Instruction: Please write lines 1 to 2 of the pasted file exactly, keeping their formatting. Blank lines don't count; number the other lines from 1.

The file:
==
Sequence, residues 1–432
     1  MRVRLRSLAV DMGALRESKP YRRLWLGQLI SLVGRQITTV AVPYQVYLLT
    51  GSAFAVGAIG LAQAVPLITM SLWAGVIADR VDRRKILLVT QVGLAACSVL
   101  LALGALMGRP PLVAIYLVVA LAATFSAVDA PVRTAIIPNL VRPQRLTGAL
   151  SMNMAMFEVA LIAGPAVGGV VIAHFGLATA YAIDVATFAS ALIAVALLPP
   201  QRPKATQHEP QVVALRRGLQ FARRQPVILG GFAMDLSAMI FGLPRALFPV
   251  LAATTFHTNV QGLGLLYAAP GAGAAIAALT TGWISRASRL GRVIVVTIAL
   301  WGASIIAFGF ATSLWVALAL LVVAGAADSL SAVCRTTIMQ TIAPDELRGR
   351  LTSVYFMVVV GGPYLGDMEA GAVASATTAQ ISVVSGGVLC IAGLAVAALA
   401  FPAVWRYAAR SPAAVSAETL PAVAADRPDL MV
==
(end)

Sequence, residues 1–432
     1  MRVRLRSLAV DMGALRESKP YRRLWLGQLI SLVGRQITTV AVPYQVYLLT